- Anticlimax Boss: The Final Boss makes many amateur rhetorical mistakes and repeatedly falls into easily-debunked logical fallacies. Half the argument doesn't even require using anything from the idea slate! Of course, he may actually want you to succeed.
- Awesome Music: All of the debate tracks.
- Crowning Moment of Awesome: The Arbiter, aka Socrates Prime, recognizes that the title of "Great Thinker" is now more apropiate on Socrates Jones than on himself. The last line of dialogue even suggests that Soc won a spot on the Intelligible Realm thanks to his little adventure.
- Crowning Moment of Heartwarming: Ari saying that, despite all things, Socrates is her dad and she doesn't want to lose him without a fight, explaining why she wager her life to giving him a chance to live.
Ari: Dad, I couldn't just let you die! If I had, The loss of happiness would've been too great...
- Fridge Brilliance: The Arbiter is actually not very good at logic, and makes a lot of mistakes when arguing with Socrates. This is because Socrates lived and died before the development of formal logic, instead using a methodology focused on trapping his opponents in contradiction. He also never presented a case (he let that to the other debater) explaining why he made so many mistakes presenting his arguments.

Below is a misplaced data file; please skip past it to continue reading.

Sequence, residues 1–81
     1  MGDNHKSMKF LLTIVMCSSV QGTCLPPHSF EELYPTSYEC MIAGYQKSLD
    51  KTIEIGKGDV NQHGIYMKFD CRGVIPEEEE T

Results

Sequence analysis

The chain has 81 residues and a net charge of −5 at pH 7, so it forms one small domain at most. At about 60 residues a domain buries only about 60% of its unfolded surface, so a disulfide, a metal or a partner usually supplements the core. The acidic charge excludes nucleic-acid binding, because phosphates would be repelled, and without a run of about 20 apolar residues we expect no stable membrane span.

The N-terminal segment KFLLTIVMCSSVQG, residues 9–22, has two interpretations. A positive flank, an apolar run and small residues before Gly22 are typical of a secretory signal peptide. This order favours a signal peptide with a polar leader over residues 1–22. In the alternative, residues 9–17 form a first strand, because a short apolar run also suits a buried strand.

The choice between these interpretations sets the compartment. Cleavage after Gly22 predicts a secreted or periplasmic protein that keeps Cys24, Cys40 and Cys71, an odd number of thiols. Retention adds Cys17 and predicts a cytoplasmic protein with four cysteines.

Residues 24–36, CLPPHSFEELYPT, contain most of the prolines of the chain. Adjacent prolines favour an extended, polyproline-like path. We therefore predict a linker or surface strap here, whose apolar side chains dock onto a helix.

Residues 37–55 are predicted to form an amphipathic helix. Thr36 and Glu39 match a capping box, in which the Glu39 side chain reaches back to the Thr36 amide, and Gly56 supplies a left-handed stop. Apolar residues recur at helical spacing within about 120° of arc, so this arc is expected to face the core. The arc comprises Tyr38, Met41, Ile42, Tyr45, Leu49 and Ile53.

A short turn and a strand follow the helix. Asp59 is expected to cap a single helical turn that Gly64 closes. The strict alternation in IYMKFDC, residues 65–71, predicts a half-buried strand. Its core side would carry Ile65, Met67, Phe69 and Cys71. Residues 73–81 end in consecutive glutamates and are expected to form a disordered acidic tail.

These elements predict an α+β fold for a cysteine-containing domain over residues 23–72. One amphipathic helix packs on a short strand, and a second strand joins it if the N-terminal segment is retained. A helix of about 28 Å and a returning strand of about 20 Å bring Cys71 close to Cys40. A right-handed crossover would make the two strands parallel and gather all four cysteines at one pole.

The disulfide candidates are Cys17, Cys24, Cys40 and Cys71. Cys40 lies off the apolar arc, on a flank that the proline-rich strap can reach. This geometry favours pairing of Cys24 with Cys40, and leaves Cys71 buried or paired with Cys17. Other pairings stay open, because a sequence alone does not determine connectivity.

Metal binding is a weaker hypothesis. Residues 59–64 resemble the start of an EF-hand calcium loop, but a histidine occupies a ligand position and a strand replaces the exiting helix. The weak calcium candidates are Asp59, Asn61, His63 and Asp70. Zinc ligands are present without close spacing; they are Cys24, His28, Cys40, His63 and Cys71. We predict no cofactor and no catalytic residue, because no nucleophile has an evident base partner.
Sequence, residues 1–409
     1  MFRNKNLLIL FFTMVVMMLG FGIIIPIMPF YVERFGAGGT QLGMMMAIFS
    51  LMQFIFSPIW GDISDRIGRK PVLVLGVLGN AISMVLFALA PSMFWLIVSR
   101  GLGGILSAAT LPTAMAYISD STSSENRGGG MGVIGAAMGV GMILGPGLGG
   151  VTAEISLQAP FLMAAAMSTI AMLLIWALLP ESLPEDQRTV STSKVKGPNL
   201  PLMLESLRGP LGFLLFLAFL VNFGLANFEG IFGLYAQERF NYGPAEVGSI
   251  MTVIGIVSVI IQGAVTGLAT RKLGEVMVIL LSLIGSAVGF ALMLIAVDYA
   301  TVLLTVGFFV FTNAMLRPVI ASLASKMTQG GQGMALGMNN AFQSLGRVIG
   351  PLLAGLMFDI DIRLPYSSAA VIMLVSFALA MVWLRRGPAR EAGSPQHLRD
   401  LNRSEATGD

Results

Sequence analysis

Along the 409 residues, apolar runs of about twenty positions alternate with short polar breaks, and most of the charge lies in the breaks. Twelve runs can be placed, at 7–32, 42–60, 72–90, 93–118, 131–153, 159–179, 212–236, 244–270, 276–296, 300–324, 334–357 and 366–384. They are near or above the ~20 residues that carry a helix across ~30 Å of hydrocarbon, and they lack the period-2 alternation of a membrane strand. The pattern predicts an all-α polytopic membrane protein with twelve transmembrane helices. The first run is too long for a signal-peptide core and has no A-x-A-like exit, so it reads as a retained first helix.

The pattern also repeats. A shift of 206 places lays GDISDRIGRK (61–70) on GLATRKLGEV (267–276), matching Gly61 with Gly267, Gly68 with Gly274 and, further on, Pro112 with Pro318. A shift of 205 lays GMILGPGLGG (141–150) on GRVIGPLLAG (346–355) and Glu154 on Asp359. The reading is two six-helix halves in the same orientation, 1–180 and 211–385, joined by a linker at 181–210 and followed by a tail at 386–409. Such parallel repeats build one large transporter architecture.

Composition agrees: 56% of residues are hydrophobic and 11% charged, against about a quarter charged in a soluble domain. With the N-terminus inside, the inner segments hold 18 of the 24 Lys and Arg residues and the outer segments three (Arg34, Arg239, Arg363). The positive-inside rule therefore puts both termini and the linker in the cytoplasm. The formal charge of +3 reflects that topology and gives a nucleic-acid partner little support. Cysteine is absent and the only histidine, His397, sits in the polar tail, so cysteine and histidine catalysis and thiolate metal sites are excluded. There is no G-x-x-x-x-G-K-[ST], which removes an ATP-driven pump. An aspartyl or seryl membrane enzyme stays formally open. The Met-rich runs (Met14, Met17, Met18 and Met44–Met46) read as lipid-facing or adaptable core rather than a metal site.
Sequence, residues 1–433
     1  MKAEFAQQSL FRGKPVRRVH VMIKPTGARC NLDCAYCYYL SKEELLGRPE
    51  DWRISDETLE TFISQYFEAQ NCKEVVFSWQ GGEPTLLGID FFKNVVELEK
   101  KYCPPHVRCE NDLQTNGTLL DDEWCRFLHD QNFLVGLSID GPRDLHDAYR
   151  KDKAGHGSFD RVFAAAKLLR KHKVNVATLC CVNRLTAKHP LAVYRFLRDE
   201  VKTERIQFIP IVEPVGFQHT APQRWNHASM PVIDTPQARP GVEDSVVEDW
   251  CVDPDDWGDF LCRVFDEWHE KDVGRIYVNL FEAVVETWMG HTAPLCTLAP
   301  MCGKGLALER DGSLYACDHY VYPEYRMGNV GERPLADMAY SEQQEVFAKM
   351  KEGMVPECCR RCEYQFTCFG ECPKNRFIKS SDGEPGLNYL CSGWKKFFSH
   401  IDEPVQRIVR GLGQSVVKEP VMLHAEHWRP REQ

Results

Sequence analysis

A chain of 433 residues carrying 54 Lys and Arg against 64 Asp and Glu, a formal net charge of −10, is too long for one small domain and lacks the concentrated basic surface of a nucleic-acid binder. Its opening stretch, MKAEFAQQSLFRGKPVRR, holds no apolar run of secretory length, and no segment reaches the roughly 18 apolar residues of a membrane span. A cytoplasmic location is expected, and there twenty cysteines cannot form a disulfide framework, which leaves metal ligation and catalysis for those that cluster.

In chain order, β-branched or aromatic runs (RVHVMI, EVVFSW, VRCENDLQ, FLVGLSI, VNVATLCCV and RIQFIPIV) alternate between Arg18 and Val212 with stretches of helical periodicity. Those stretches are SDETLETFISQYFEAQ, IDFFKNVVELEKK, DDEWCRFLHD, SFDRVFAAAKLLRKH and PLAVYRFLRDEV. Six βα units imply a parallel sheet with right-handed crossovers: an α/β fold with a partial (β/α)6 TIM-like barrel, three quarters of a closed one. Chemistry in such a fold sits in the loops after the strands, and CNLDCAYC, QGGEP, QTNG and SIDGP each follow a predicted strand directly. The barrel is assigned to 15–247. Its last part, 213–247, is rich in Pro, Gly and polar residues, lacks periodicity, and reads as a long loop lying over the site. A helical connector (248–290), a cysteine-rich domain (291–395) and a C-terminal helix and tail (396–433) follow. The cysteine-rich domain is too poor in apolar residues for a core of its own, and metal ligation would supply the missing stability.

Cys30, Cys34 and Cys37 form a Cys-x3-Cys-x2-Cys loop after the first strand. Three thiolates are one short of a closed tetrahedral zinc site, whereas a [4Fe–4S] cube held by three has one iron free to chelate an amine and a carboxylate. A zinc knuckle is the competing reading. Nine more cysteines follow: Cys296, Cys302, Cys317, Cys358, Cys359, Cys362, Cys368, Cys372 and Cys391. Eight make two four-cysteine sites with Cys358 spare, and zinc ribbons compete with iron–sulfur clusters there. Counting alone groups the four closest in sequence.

- Most Wonderful Sound: Socrates saying "NONSENSE", as it means you actually made a valid counter-argument in the right moment.
- That One Boss:
- Immanuel Kant. His arguments are quite complicated; even the characters complain about how incomprehensible he is. To beat him you need to do something that seems foolish and isn't required anywhere else: use his own philosophy (the first idea he gives you) against him. Even then, figuring out exactly where to do it can be tricky.
- Which boss counts as That One Boss for the player may, in fact, reflect their own philosophical beliefs. Philosophers they strongly agree with may be harder to take down; for instance, a deeply religious individual may struggle even against Euthyphro. (It's just as likely that being well-versed in their philosophy may allow one to know all the counterpoints in advance, however.)